Textbook Notes (367,974)
Canada (161,538)
RSM225H1 (13)
Dan Shear (7)
Chapter 4

Ch4A Corpns - Nature and Formation.doc

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Department
Rotman Commerce
Course
RSM225H1
Professor
Dan Shear
Semester
Winter

Description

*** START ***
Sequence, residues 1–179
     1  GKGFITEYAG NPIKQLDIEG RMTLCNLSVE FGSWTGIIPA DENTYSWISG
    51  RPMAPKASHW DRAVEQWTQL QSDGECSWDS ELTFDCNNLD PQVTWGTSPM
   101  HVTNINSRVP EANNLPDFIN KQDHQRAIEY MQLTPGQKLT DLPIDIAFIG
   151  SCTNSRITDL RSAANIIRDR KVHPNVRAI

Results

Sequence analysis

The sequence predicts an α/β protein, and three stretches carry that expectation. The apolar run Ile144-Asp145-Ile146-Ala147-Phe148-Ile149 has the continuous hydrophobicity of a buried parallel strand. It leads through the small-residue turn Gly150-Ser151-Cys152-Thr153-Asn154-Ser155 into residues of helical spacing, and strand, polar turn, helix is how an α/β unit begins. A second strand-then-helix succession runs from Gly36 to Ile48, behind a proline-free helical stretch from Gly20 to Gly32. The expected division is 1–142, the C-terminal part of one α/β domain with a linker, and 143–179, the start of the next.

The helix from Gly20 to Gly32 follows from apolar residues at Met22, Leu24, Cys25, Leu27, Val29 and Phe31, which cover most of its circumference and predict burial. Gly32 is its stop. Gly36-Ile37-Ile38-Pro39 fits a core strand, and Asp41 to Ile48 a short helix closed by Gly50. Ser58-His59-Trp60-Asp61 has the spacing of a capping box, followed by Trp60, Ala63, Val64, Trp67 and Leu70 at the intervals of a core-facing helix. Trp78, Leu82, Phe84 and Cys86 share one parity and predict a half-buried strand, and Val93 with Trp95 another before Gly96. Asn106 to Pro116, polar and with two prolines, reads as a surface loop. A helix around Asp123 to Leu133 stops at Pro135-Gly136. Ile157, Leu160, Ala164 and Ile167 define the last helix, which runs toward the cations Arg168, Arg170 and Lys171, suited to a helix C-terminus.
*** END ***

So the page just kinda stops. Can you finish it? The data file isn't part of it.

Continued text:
CH. 4A: BUSINESS ORGANIZATIONS: CORPORATIONS – NATURE AND FORMATION Overview: Categories of corporations:  For-profit (share capital) corporation • “Public” corporation • “Private” corporation • Federal (Canada) corporation • Provincial (Ontario) corporation • Professional corporation  Not-for-profit (non-share capital) corporation For-profit (Share Capital) Corporations: (1) Description Corporations that are allowed to make profits and distribute the profits to their owners (2) Formation Formed by filing “articles of incorporation”:  See handout of Ontario articles of incorporation  Articles of incorporation is a public document Key provisions of articles of incorporation:  Name and address • corporate name  Daniel R. Shear 2000 – 2012 All rights reserved. 2 • head office address  Directors • names and addresses of first directors  Shares • all of the classes of shares the corporation may issue • the rights attached to each such class • note that the articles do not show any information about the shareholders of the corporation Special rules for professional corporations:  Only certain types of professions can use professional corporations  In Ontario this includes: • chartered accountants • certified general accountants • lawyers • doctors • dentists • social workers • veterinarians  4 requirements to have a professional corporation in Ontario: 1. articles of incorporation: (a)must first be approved by the profession’s governing body • e.g. Canadian Institute of Chartered Accountants, Law Society of Upper Canada, College of  Daniel R. Shear 2000 – 2012 All rights reserved. 3 Physicians and Surgeons of Ontario, Royal College of Dental Surgeons of Ontario (b)must provide that business is restricted to practicing that profession (and related activities) 2. corporation’s name: (a)must include “Professional Corporation” or “Société professionnelle” (b)must not have a number name 3. all shares must be owned by members of that profession licensed to practice in Ontario 4. all directors and officers must be shareholders of that corporation (3) Registration Formation:  Formed by filing articles of incorporation) • detailed requirements set out in (2) above Business name:  Registration of the business name of the corporation is required if other than its corporate name • if don’t register business name when required to do so, still have a corporation  Daniel R. Shear 2000 – 2012 All rights reserved. 4 • But Business Names Act says that if don’t register when required to do so, corporation cannot bring lawsuit or defend lawsuit until register • Can also be fined up to $25,000 HST:  Registration required if total annual revenues exceed $30,000 (4) Personal Liability of Owners Corporations other than professional corporations:  Generally speaking, shareholders/members have no personal liability (as a result of being shareholders or members) for the debts of the corporation • But can choose to give personal guarantee Professional corporations:  Shareholder is personally liable for: • his/her own professional negligence or misconduct • negligence or misconduct of employees under that shareholder’s direct supervision or control  Shareholder is not personally liable for other debts of the corporation (e.g. repayment of loans) as a result of being shareholder • But can choose to give personal guarantee (5) “Public” vs. “Private” Corporations Overview:  Daniel R. Shear 2000 – 2012 All rights reserved. 5  The “public” vs. “private” distinction arises when the corporation wants to issue/offer shares, or its shares are being purchased or sold • There are some important (and costly) legal rules and requirements for “public” corporations that do not apply to “private” corporations (some are listed in (6) below) • “Public” corporations may qualify for exemptions from some of these rules and requirements for particular situations •E.g. for issuing shares to employees, senior officers, directors or consultants  Corporations are automatically considered to be “public” (or “offering”) corporations unless they meet the applicable “private corporation” requirements “Private” corporation requirements:  Requirements are specific to each province • Applicable requirements depend on where shares of the corporation are being issued/offered or purchased/sold •
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